Travel Ghana: Your Packing Checklist

Travel Ghana: Your Packing Checklist

Travel Ghana: Your Packing Checklist

Ghana is lush, beautiful, buzzing with friendly people, and rich in history. Because it’s often called the “gateway to Africa,” it’s no wonder that many people choose to travel to Ghana.

I spent three weeks there—specifically Kumasi, the Cape Coast, and a bit in Accra—volunteering at an orphanage and school through Love Volunteers. Most of the time, I was working, but I did get the chance to be a tourist during the weekends. Although only there a short time, I definitely had enough time to learn a lot about Ghana, to fall in love with the place and to feel a deep connection to Ghana culture and to Ghanians.

Before you travel to Ghana, follow this packing checklist for the best experience:

Travel Ghana: Your Packing Checklist

1. Mosquito net

Unless you’re staying in an air-conditioned hotel while in Ghana or your volunteer/guest accommodations have one, it’s a good idea to bring your own mosquito net. I didn’t see any stores that sold them while I was there. Ghana is in Sub-Saharan Africa where malaria is serious business, and the best way to prevent getting it is to avoid getting bitten by mosquitoes. I was staying with a family in their home, which was great in many ways, but I was thankful that I had my own mosquito net.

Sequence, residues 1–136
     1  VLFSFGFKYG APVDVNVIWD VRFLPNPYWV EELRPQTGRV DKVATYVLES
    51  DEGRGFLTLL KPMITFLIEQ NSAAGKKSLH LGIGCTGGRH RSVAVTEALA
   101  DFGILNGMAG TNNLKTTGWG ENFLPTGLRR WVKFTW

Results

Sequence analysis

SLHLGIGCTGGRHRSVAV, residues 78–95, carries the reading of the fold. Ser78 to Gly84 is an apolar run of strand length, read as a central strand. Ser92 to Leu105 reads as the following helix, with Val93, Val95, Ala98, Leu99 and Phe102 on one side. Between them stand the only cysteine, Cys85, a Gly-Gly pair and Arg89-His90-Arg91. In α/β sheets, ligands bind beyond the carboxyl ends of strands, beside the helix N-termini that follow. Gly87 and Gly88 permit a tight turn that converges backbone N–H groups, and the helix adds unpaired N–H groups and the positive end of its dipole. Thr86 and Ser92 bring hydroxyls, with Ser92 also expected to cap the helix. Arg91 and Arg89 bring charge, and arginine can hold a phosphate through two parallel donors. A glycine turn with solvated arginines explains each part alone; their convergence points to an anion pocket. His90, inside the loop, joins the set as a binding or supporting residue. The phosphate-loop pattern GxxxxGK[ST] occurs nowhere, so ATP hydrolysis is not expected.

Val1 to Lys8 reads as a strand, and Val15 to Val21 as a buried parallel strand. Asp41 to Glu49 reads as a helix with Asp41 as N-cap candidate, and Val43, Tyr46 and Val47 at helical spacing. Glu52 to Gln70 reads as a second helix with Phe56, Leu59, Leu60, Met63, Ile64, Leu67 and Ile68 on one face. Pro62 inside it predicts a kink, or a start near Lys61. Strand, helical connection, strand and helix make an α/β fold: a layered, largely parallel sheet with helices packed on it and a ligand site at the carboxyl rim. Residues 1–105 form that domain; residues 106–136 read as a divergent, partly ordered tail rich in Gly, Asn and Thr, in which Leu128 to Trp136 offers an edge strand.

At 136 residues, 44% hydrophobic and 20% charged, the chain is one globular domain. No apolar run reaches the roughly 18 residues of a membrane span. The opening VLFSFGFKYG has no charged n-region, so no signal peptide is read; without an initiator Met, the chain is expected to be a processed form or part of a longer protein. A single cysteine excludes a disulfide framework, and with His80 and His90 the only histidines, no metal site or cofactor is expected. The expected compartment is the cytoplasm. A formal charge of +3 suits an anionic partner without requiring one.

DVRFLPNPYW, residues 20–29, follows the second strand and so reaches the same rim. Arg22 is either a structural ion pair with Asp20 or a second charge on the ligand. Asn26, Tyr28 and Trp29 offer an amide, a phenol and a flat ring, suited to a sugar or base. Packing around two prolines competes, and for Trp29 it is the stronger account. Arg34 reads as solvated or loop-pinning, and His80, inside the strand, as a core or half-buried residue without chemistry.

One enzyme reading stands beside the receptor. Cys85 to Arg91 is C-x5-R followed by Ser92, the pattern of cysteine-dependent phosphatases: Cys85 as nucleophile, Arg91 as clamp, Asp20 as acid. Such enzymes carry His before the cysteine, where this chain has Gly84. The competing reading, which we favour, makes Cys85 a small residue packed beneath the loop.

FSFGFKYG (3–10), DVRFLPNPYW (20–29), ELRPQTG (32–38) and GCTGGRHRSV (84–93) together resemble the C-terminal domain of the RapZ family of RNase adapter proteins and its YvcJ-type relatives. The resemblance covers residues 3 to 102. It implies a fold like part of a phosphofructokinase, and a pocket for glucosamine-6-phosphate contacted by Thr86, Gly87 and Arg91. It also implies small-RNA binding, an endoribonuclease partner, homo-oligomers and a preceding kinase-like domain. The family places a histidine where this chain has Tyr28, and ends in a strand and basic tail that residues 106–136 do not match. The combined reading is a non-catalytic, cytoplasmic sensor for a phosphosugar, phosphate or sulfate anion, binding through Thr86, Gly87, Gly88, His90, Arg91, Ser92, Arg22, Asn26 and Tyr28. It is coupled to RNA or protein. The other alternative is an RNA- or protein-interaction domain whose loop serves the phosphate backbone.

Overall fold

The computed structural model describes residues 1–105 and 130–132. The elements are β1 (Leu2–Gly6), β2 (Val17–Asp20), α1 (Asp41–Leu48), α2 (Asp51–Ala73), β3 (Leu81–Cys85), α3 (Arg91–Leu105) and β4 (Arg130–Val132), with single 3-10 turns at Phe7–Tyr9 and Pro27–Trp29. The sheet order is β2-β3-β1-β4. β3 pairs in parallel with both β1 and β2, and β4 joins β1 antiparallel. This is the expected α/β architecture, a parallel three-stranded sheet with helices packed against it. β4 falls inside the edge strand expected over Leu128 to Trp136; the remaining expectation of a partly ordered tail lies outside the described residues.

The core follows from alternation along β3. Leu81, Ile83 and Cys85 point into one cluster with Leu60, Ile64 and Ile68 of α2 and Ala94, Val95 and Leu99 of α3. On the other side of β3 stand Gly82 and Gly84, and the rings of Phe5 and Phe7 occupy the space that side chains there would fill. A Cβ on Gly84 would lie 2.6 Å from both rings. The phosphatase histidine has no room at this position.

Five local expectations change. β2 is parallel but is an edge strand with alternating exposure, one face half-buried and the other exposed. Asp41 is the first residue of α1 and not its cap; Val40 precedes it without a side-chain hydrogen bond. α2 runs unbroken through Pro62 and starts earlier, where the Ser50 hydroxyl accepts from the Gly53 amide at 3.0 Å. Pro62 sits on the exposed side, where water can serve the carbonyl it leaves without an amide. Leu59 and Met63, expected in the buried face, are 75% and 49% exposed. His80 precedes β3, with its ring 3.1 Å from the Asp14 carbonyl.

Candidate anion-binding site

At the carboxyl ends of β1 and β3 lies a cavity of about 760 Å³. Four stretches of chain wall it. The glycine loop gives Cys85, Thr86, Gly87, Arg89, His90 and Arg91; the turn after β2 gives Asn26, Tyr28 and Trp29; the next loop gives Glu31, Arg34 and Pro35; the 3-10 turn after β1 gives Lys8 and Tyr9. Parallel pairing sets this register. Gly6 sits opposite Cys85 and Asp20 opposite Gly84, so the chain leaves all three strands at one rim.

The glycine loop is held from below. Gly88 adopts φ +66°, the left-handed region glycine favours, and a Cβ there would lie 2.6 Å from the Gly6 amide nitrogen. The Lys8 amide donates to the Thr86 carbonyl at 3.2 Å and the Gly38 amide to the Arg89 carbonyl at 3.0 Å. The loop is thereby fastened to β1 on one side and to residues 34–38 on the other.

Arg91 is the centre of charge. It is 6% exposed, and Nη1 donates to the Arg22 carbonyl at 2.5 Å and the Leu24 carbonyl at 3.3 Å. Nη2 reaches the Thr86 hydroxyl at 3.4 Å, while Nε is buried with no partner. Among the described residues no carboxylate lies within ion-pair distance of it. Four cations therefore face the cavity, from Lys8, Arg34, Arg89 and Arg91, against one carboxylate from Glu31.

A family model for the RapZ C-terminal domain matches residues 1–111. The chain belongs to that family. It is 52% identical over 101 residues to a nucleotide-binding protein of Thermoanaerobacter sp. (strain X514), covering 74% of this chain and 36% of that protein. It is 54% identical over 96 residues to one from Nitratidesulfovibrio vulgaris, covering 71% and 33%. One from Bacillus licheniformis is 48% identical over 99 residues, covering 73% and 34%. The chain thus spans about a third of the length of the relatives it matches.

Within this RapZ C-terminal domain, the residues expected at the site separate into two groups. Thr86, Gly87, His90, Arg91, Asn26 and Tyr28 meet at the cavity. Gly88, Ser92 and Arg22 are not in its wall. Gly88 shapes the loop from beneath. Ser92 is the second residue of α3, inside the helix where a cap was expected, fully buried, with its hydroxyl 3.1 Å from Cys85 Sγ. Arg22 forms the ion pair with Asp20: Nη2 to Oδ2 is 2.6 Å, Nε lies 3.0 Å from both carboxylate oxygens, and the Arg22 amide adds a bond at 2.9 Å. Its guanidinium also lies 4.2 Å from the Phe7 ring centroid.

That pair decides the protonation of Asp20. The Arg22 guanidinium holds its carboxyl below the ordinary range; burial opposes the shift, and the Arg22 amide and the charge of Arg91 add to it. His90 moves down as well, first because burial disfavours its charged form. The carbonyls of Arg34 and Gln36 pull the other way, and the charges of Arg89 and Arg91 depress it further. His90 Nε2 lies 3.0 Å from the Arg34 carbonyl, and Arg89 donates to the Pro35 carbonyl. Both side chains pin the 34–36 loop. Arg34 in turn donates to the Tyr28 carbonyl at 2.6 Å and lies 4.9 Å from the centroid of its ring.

2. Malaria pills

As mentioned above, malaria is a serious disease, and it’s extremely important to bring your pills. I took them for about 30 days (you are required to take them a few days before you arrive and a few days after.) Some side effects are of concern, but I never experienced any. And although I was freaked out about malaria and mosquitoes for the first few days, I got over my fears just took my pills.

3. Insect repellant

Not to beat the malaria drum too loudly, but not getting bitten by mosquitoes in the first place is really the key. A high-end insect repellant will help with that.

4. Imodium, Advil/aspirin, etc.

I really didn’t need these products until my last day in Ghana (and just Imodium for a little “travelers’ diarrhea”) during my trip back to Canada, which included a 4-hour bus ride and two planes. But I was glad I brought some with me, just in case, because the nearest pharmacy—and Kumasi does have quite a few of them with varying degrees of similarities to western pharmacies—to where I was staying did not sell any pain relievers or other medications that I was familiar with.

5. Light, breathable clothing and a rain slicker